The Right to Social Security
In 2009, the global economic crisis impacted Israel hard, especially jobs with a sharp rise in unemployment, and those without them discovered that since 2000, social safety net protections have deteriorated.
In addition, unemployment insurance has eroded to one of the lowest among western countries, and eligibility became more stringent. As a result, those qualifying have decreased by about 50%. In 2007, less than one-fourth of Israel’s unemployed were entitled to monthly stipends. Those without them struggle for any means of support, making them vulnerable to exploitation.
“The drastic cut to income-support and unemployment insurance has been one element in Israel’s high ranking in the (OECD’s) Inequality Index.”
The Wisconsin Plan
In summer 2005, it began as an experimental pilot project administered by private companies with the goal of reintegrating income-support recipients into the workforce. However, its primary focus was to reduce the number of people on income-support roles, so widespread criticism resulted.
Private companies have a conflict of interest for being compensated by the number they remove. They also don’t invest sufficiently in services to encourage employment, such as retraining, on-site childcare, and programs to complete academic degrees.
Rather than help the unemployed, they try to “re-educate” them with sanctions to force them to cope in the current adverse job market “through means that weaken their ability to stand up for their rights.” Participants thus feel degraded and helpless, with no government measures to stop this.
The Right to Health Care
The 1994 National Health Insurance Law was enacted to provide all Israelis with universal healthcare coverage. That was then. This is now under budget cutting pressure and privatization, leaving workers and the most vulnerable isolated and helpless.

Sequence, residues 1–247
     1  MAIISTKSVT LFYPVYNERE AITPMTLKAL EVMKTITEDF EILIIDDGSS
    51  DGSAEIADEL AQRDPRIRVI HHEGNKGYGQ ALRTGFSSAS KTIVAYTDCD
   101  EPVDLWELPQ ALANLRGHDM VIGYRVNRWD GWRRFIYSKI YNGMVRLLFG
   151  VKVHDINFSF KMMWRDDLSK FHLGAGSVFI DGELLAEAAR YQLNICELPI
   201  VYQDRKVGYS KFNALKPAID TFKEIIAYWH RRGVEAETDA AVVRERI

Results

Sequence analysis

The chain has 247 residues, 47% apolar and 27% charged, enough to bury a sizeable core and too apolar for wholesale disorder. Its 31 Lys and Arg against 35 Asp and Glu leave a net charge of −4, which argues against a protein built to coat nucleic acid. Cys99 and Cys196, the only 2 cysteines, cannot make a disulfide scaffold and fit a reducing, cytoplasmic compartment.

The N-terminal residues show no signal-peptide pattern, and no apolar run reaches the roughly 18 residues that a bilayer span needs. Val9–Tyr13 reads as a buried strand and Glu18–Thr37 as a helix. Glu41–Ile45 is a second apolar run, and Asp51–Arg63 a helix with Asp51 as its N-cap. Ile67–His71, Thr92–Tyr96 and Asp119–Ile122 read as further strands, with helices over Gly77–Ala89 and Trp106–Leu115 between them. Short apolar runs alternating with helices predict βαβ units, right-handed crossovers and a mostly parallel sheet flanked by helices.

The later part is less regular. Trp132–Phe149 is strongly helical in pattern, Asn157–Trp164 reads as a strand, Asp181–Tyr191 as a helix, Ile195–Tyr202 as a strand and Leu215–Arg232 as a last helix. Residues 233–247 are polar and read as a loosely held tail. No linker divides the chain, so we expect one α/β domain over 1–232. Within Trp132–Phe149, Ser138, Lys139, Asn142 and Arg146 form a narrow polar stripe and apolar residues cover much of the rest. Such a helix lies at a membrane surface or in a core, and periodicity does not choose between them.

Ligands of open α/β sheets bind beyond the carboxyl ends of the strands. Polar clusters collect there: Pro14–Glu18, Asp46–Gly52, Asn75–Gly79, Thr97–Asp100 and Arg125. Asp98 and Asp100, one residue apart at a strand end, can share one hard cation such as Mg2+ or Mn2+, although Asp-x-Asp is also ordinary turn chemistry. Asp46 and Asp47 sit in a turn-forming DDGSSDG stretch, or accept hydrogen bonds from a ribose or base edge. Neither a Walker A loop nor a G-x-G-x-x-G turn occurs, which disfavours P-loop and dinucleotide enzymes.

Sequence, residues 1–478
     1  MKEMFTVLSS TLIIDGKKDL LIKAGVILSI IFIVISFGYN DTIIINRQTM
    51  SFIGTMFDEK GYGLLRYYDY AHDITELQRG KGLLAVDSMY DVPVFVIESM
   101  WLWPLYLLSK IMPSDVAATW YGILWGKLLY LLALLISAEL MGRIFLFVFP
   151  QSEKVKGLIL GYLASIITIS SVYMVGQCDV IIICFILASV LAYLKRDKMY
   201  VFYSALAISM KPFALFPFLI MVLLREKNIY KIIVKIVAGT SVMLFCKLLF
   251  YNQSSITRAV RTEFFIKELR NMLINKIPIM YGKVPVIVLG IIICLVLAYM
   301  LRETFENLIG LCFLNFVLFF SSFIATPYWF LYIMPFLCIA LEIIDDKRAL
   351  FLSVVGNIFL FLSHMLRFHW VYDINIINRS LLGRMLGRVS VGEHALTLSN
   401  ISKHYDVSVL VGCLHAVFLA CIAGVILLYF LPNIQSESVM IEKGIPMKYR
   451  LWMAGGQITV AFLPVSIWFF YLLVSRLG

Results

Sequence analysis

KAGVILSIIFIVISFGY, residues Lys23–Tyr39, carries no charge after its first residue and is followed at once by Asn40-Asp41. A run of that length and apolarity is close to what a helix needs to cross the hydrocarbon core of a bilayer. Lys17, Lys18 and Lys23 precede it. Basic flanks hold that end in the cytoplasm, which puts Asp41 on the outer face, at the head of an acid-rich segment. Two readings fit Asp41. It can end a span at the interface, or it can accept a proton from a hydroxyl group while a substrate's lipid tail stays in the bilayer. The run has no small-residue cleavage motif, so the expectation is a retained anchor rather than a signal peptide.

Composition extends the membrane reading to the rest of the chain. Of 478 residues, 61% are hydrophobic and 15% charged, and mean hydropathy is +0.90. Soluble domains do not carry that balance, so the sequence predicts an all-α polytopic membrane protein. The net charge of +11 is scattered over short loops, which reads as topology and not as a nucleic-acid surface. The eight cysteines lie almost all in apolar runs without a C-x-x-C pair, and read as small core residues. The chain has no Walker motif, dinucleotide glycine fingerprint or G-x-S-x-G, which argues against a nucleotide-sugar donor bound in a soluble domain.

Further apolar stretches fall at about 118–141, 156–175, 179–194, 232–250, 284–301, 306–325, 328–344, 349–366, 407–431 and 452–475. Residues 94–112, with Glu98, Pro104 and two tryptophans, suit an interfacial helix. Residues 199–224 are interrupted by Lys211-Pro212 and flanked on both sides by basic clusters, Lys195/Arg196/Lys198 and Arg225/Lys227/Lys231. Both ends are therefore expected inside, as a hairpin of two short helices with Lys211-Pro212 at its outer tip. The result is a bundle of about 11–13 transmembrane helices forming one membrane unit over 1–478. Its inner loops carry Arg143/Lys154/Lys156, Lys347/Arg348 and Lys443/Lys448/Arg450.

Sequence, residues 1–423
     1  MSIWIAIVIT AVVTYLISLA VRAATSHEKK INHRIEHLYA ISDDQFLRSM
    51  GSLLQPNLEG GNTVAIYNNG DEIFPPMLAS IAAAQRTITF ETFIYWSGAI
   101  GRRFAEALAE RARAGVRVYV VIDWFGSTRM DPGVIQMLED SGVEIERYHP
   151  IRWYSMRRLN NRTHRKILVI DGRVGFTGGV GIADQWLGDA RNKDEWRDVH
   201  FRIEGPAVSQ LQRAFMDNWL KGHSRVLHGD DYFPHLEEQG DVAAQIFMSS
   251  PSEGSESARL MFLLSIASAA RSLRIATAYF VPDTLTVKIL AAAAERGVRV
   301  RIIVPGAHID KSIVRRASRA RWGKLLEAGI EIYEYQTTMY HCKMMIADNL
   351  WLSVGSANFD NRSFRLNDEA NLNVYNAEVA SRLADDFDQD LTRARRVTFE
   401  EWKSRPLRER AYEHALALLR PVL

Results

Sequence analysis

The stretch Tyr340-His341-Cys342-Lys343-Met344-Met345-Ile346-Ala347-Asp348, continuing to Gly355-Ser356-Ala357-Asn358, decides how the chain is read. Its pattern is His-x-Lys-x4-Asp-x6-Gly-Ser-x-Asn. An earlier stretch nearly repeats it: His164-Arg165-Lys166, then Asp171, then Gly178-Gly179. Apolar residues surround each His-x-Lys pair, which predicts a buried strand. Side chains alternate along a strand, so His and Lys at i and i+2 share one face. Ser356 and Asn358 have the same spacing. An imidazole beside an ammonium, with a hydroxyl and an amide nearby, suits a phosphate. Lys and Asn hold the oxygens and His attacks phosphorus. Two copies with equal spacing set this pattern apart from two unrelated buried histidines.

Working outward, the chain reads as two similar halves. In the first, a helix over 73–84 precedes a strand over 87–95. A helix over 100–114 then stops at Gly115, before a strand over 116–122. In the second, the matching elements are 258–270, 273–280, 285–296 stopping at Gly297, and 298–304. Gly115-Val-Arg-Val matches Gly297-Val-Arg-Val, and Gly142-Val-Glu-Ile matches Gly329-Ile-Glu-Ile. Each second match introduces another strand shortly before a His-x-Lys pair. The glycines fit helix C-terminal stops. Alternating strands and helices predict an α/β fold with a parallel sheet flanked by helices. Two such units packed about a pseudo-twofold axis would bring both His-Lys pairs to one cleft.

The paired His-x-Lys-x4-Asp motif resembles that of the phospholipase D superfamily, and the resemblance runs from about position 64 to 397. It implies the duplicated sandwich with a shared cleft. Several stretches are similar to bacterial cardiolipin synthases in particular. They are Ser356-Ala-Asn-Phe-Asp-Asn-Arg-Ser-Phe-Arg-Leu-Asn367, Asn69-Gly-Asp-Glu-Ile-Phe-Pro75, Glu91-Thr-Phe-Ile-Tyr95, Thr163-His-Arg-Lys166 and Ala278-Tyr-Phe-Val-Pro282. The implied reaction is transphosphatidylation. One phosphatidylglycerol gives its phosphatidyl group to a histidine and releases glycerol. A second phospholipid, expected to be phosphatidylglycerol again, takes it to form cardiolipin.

The public health system most rely on has deteriorated greatly in quality, forcing recipients to pay more and get less. The result is two parallel unequal, systems — high quality for the well-off and less of it for all others, with gaps between them measured by statistical health indicators across regions, socioeconomic levels, and ethnic groups.
Several features in particular stand out, showing how Israeli health care shifted from a right to a commodity based on the ability to pay, as well as a new proposal to establish another healthcare fund as a profit-making enterprise.
Dental care isn’t covered at all, forcing many families to forego it. However, in May 2009, the Health Ministry announced that it would assume funding of basic preventive dental care for every school child, thus assuring it regardless of financial means, and funding it from the allocation for new medicines. It’s a small step in the right direction, but the broader one looks bleak.
The 1998 Economic Arrangements Law let the national health funds increase co-payment amounts for medical services and drugs as well as additional fees. Ever since, they’ve been rising, and according to the Central Bureau of Statistics, 32% of 2008 national health expenditures was funded by direct payments, including dental care.
The result is greater numbers of Israelis foregoing care because they can’t afford it. The Israeli Medical Association believes co-pays should be abolished for some services, mainly preventive care, and proposes other ways “to achieve the appropriate balance between ensuring medical care for all and efficiency in the system.”
They fill gaps uncovered in the standard health basket for those who can afford it. About 24% of the population doesn’t have it. Of these, 52% declined because of cost. In addition, 32% of those in poor health have none, including the elderly impacted by higher premiums with age. Not only does supplementary insurance not provide solutions for everyone, it’s actually “widening the gap between lower and middle classes, and expediting the process that is turning health care from a right into a commodity.”
Two trends have thus emerged:
— an ongoing decline in services and drugs provided by the state, and the increase in what individuals receive based on their ability to pay; and
— the promotion of supplementary insurance to well-off people, leaving the rest disempowered and left out.